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Validity : 29th Jun'22 to 09th Jul'22
AI/ ML will revolutionize medicine by making diagnosis and treatment more accessible and more effective. FDA has regulated medical software by means of regulation and guidance for years, however, AI/ML programs fall outside the scope of these regulations and guidance. This happens because the FDA approves the final, validated version of the software. The point of AI/ML is to learn and update the following deployment to improve performance. Thus, the field version of the software is no longer the validated approved version.
Managers, Supervisors, Directors, and Vice-Presidents in the areas of:
It is not clear how to get AI/ML programs approved. The current regulatory requirements don’t control AI/ML adequately. We will discuss the approaches FDA is considering for regulation in the near future and how to get your AI/ML program approved by the FDA now. Necessary submission documentation will be explained.
We will discuss the current regulatory requirements, how they don’t control AI/ML adequately, and approaches FDA is considering for regulation in the near future. Your development program should conform to these concepts now because, with some modifications, they will probably become regulations. Following a discussion of possible future regulations, we will discuss, based on recently approved De Novo applications, how to get your AI/ML program approved now. Necessary submission documentation will be explained. This webinar is not a programming course but will explain the present and future regulatory requirements for AI/ML.
José Mora is a Principal Consultant specializing in Manufacturing Engineering and Quality Systems. For over 30 years he has worked in the medical device and life sciences industry specializing in manufacturing, process development, tooling, and quality systems. Prior to working full time as a consulting partner for Atzari Consulting, José served as Director of Manufacturing Engineering at Boston Scientific and as Quality Systems Manager at Stryker Orthopedics, where he introduced process performance, problem-solving, and quality system methodologies. During that time he prepared a white paper on the application of lean manufacturing methods to the creation and management of controlled documents and a template for strategic deployment. José led the launch of manufacturing at a start-up urology products company as Director of Manufacturing for UroSurge, Inc. at the University of Iowa’s business incubator park in Coralville, IA, creating a world-class medical device manufacturing operation, with JIT, kanban systems, visual workplace and lean manufacturing practices. José worked for 10 years at Cordis Corporation, now a Cardinal Health company, where he led the successful tooling, process development and qualification of Cordis’ first PTA (percutaneous transluminal angioplasty) catheter. His medical device experience includes surgical instruments, PTA & PTCA dilatation and guiding catheters, plastic surgery implants and tissue expanders, urology implants and devices for the treatment of incontinence, delivery systems for brachytherapy, orthopaedic implants and instruments, and vascular surgery grafts and textiles.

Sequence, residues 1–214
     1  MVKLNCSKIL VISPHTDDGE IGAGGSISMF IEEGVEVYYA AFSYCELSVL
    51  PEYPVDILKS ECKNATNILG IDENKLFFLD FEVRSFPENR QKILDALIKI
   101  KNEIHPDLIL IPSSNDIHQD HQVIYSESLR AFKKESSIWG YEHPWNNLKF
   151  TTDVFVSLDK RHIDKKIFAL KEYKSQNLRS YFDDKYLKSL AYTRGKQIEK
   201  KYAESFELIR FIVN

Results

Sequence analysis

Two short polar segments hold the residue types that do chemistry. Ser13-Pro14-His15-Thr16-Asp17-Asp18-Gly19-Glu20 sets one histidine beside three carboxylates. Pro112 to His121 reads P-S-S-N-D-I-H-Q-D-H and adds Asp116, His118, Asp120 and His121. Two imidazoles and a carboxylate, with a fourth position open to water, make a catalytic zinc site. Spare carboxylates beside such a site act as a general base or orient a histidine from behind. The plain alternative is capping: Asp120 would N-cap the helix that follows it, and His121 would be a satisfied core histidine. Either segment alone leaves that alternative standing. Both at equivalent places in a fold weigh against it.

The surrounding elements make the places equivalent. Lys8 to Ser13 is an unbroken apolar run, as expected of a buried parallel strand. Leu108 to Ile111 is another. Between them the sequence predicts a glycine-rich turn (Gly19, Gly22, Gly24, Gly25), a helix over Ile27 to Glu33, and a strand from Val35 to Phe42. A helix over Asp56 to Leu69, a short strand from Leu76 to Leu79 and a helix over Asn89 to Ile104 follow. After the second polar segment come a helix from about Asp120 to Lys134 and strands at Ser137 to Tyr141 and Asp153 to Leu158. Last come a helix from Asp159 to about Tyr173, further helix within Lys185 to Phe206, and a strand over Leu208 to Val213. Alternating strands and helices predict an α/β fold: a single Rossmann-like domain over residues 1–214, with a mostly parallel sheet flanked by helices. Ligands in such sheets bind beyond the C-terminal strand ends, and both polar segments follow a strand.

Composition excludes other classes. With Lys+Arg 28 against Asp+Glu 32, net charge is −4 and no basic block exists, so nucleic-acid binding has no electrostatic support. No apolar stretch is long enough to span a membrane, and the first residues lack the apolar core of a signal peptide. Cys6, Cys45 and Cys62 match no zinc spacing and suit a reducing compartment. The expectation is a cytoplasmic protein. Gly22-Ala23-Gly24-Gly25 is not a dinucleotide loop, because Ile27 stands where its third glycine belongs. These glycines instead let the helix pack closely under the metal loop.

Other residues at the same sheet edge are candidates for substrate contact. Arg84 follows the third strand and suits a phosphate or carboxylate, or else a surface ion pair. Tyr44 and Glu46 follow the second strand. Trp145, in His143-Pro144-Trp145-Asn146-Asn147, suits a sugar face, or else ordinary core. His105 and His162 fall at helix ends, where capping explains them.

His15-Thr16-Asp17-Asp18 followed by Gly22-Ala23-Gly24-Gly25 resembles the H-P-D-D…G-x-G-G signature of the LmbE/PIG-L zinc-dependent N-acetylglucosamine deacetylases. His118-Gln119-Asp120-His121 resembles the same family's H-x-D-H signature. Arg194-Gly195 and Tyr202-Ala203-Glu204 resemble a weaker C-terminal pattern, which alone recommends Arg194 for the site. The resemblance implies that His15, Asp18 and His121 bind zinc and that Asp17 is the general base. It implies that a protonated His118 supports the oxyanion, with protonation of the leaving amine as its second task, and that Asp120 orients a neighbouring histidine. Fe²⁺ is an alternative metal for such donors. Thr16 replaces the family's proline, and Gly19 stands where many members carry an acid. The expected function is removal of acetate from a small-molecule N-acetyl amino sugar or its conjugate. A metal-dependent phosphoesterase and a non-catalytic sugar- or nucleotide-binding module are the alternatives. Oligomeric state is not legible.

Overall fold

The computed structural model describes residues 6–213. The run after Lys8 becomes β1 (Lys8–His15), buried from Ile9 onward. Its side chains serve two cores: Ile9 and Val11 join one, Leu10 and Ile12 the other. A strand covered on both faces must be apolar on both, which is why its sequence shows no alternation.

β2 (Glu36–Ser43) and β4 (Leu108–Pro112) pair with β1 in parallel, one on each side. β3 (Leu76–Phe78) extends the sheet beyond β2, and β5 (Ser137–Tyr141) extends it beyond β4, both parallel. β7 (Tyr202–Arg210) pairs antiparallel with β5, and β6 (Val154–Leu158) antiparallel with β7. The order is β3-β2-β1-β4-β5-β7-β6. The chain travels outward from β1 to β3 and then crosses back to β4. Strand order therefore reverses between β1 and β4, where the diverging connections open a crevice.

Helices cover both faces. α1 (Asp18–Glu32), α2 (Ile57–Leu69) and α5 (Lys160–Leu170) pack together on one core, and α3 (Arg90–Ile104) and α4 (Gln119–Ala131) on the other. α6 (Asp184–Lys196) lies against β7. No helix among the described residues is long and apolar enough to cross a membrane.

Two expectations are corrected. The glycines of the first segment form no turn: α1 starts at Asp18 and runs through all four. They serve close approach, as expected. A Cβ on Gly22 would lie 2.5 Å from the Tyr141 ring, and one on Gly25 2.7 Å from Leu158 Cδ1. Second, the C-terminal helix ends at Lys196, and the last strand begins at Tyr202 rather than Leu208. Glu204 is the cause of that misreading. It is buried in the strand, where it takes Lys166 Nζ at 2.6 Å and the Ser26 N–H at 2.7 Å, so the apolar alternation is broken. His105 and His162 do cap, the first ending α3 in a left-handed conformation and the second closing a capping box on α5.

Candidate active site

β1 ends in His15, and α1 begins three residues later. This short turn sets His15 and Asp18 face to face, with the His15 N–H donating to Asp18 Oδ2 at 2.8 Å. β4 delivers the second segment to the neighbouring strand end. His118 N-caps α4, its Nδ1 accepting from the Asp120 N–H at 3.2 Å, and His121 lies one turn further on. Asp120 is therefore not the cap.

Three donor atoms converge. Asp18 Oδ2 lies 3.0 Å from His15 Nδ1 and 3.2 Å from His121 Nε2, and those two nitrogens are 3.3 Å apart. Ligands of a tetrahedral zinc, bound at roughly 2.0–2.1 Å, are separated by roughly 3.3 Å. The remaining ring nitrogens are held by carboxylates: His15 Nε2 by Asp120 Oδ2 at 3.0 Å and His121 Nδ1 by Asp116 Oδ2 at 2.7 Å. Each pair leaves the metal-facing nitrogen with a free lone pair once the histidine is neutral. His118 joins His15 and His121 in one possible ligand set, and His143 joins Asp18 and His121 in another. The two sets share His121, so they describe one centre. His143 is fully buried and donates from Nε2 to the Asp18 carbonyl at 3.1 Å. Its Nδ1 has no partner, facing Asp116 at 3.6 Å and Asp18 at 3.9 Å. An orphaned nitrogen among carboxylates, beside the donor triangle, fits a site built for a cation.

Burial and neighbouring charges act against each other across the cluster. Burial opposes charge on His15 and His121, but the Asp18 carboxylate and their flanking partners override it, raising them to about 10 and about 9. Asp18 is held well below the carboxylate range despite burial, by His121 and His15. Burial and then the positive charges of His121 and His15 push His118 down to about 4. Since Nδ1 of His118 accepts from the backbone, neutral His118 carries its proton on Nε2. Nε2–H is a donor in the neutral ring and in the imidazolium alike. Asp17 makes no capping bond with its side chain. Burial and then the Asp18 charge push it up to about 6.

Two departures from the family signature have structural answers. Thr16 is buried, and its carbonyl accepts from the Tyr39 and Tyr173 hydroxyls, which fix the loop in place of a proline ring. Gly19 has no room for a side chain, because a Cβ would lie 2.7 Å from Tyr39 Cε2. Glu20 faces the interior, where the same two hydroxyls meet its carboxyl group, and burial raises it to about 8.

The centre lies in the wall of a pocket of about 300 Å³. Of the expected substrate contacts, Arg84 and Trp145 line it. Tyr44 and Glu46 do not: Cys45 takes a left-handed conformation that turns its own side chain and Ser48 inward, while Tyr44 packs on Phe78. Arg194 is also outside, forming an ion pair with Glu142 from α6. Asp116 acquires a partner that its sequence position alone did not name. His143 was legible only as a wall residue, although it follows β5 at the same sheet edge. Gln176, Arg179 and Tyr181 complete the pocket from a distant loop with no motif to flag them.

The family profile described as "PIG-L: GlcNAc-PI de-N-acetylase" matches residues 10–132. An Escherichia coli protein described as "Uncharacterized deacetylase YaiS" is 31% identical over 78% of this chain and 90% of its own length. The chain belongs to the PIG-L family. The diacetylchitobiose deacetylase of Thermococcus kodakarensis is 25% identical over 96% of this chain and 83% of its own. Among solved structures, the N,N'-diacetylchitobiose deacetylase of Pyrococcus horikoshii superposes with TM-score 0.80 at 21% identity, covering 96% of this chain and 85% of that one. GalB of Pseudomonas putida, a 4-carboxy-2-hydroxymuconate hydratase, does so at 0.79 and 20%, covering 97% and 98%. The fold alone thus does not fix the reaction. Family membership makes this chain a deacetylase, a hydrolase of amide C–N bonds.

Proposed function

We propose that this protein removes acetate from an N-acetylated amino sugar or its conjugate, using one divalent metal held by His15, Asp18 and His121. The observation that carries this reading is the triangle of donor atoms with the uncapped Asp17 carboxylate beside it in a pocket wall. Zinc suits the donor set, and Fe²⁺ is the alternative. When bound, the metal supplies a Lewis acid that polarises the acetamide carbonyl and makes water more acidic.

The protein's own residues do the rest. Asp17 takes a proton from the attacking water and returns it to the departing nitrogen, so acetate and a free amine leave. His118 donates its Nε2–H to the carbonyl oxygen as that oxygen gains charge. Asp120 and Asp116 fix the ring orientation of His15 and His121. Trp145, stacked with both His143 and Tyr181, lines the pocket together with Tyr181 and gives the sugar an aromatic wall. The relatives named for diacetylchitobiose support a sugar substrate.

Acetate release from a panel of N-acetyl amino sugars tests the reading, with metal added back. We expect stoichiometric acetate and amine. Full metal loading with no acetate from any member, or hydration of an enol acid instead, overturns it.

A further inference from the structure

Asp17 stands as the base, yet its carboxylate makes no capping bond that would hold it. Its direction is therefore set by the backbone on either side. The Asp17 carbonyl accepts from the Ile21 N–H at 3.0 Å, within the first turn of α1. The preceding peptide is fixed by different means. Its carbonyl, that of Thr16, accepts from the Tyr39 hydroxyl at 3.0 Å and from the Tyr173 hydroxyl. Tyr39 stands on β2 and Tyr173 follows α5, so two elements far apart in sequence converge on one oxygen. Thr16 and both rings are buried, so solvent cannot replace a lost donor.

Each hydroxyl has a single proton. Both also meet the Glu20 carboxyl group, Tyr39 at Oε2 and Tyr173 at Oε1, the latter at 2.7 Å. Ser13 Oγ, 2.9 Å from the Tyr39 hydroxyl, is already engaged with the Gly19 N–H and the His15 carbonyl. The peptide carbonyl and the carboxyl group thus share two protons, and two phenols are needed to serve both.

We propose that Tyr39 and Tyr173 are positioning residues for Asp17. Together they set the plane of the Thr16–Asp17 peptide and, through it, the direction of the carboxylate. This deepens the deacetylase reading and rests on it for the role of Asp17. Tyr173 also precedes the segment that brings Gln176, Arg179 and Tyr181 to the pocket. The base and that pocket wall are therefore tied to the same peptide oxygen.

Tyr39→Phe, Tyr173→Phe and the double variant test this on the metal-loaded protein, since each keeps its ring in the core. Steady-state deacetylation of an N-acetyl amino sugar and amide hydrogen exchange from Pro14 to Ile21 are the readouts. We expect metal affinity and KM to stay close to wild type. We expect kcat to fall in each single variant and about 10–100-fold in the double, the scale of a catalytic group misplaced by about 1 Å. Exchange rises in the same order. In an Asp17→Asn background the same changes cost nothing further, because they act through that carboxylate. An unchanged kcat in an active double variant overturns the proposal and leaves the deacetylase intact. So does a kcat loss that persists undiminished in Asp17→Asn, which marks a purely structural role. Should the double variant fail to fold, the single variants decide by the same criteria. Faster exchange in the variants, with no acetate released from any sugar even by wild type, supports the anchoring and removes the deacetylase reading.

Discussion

During his time at Cordis, José managed the Maintenance and Facilities Department, taking that operation to a level rated as “tops” by the UK Department of Health and Social Services (DHSS) during one of their intensive audits. Jose managed Manufacturing Engineering as part of the Guiding Catheter Core Team of managers, a team that took the Cordis Guiding Catheter business to lead the market, bringing it up from fourth place. By introducing world-class techniques, the Guiding Catheter design and manufacturing was completely re-engineered for robust design and tooling, under Jose’s leadership. He was also instrumental and played a leadership role in the complete re-engineering of the Tooling Control System, including design drafting, the tool shop and technical support. Wherever he has worked, he has a track record of introducing world-class methodologies such as Kepner-Tregoe, Taguchi techniques, Theory of Constraints, Lean Manufacturing, Five S (Visual Workplace), process validation to Global Harmonization Task Force standards, and similar approaches.